Some children have swallowing problems, or dysphagia (dis-FAY-juh). Swallowing happens in three stages, or phases. A child can have a problem in one or more of these phases. They include:

  • Oral phase – sucking, chewing, and moving food or liquid into the throat. Feeding is a part of the oral phase.
  • Pharyngeal phase – starting the swallow and squeezing food down the throat. The child needs to close off his airway to keep food or liquid out. Food going into the airway can cause coughing and choking.
  • Esophageal phase – opening and closing the esophagus, or the tube that goes from the mouth to the stomach. The esophagus squeezes food down to the stomach. Food can get stuck in the esophagus. Or, a child may throw up a lot if there is a problem with the esophagus.

How to determine if your child is a Picky Eaters vs. Problem Feeder?

  1. If you were to make a list of all of the foods that your child eats, how many foods would be on that list?
  2. Does your child eat the same food over and over, then suddenly stop eating that food?  Will they accept that food again at some point in the future, or is that food typically lost?
  3. What happens if you put a new food on their plate?
  4. Do they eat at least one food from most nutrition (proteins, vegetables, etc.) and texture (purees, soft foods, chewy foods, etc.) categories?
  5. What does their plate look like at meals compared to the rest of the family’s?
  6. How hard is it for them to learn about new foods?
  7. How often has your child been reported as a “picky eater” at well-child check-ups?

Signs of Feeding and Swallowing Disorders

Your child may have a feeding or swallowing disorder if he/she:

  • Arches her back or stiffens when feeding
  • Cries or fusses when feeding
  • Falls asleep when feeding
  • Has/had problems breastfeeding
  • Has trouble breathing while eating and drinking
  • Refuses to eat or drink
  • Eats only certain textures, such as soft food or crunchy food
  • Takes a long time to eat
  • Has problems chewing
  • Coughs or gags during meals
  • Drools or has liquid come out her mouth or nose
  • Gets stuffy during meals
  • Has a gurgly, hoarse, or breathy voice during or after meals
  • Spits up or throws up a lot
  • Is not gaining weight or growing

Causes of Feeding and Swallowing Disorders

There are many possible causes for feeding and swallowing problems, including:

  • Nervous system
  • disorders, like cerebral palsy or meningitis
  • Reflux or other stomach problems
  • Being born premature or having a low birth weight
  • Cleft lip or palate
  • Breathing problems such as asthma
  • Autism
  • Head and neck problems
  • Muscle weakness in the face and neck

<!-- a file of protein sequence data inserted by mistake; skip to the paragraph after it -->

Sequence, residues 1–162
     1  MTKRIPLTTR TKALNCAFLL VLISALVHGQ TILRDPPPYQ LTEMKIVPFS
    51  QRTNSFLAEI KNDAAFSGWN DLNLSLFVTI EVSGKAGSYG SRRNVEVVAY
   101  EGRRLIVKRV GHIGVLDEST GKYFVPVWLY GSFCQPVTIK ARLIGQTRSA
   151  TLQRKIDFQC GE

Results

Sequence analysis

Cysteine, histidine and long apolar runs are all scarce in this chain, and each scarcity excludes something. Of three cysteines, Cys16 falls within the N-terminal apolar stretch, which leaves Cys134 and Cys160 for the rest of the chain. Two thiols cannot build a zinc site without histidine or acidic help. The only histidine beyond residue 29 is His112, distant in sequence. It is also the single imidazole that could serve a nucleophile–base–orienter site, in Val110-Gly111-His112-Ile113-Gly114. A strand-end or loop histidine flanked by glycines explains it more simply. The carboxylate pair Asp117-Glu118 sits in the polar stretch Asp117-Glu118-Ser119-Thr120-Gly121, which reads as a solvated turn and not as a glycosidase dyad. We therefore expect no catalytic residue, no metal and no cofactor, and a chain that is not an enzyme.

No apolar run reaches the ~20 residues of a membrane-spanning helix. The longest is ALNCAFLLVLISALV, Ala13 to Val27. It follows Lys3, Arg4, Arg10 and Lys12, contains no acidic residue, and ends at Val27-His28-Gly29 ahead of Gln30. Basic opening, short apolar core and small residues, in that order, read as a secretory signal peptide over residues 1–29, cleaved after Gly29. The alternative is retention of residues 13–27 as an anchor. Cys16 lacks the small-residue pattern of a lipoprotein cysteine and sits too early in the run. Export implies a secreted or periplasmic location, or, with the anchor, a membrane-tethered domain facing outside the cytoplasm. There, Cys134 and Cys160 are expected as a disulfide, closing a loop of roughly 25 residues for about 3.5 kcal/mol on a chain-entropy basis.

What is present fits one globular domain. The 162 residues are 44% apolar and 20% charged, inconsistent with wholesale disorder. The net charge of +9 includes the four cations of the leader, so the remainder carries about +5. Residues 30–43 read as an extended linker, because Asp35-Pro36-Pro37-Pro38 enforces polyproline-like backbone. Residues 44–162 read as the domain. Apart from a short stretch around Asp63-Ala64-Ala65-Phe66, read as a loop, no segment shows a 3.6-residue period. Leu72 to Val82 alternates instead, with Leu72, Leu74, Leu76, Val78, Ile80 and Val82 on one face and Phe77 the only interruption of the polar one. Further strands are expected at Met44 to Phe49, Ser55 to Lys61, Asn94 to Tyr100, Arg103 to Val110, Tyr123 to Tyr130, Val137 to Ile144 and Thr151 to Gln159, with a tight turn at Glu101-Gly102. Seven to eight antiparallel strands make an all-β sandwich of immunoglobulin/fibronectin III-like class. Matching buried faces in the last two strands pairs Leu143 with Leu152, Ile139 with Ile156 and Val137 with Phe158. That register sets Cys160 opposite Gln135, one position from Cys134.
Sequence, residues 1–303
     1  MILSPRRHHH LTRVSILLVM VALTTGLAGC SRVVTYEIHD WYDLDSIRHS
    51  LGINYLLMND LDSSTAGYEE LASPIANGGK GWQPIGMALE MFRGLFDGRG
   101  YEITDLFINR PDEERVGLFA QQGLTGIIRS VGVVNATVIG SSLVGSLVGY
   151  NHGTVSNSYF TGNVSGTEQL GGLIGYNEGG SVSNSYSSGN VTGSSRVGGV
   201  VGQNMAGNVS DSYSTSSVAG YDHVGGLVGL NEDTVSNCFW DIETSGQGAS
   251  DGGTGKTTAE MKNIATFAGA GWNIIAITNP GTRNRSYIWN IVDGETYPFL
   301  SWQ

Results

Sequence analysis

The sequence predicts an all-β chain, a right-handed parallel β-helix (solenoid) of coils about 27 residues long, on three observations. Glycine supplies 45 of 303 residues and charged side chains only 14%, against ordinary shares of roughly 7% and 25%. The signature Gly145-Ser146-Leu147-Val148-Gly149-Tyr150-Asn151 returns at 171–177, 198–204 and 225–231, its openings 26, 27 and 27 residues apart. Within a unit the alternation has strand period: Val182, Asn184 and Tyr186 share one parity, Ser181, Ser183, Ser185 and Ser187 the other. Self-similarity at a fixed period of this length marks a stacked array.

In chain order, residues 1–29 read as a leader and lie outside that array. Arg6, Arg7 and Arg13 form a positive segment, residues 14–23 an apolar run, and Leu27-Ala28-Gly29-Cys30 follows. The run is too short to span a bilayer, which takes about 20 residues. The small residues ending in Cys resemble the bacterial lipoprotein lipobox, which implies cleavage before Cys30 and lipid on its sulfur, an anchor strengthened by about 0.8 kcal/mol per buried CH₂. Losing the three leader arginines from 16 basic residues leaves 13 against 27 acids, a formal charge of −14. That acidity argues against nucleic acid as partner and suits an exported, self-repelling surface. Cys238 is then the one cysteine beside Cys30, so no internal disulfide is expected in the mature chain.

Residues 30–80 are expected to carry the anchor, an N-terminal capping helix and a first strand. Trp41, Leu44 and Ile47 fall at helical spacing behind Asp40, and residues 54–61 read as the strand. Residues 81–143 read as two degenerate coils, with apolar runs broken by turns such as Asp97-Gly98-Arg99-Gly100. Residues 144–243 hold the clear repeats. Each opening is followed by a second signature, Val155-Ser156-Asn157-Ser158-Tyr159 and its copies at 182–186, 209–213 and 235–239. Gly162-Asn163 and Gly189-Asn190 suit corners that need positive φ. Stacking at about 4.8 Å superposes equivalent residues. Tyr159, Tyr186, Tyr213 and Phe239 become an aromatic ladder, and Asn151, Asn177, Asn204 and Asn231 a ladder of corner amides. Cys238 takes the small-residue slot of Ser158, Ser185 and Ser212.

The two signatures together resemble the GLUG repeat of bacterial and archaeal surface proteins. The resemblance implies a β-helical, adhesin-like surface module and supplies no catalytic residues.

• Medicines that make her sleepy or not hungry
  • Sensory issues
  • Behavior problems

Your child may need feeding or swallowing intervention to do assist in one or more of the following:

  • making the muscles of the mouth stronger
  • helping to move the tongue (lateralize, elevate)
  • helping to improve chewing patterns
  • increasing the number of foods in the diet
  • improving drinking from a cup
  • varying food textures and liquid thickness
  • helping with oral sensory issues. Your child may not like the way food feels in his mouth or on his hands.

The SOS Approach to Feeding stands for Sequential Oral-Sensory

Sequential Oral-Sensory are the major components of the program. SOS uses a transdisciplinary team (Pediatricians, Occupational Therapists, Registered Dietitians, and Speech Pathologists/Therapists) to evaluate and treat the “whole child” including

  • Organ systems

  • Muscles (including oral motor)

  • Sensory processing

  • Learning, behavior, and cognition

  • Development

  • Nutrition

  • Environment

SOS uses Play with a Purpose, the Steps to Eating, and Research to guide therapy.
We Play with a Purpose

Based on and grounded philosophically in the “normal” developmental steps, stages and skills of feeding found in typically developing children, the SOS Approach focuses on increasing a child’s comfort level by exploring and learning about the different properties of food. The program allows a child to interact with food in a playful, non-stressful way, beginning with the ability to tolerate the food in the room and in front of him/her, then moving on to managing the smell of the foods, learning about how foods feel on the body and in their mouth, and then enjoying tasting and eating new foods following the Steps to Eating.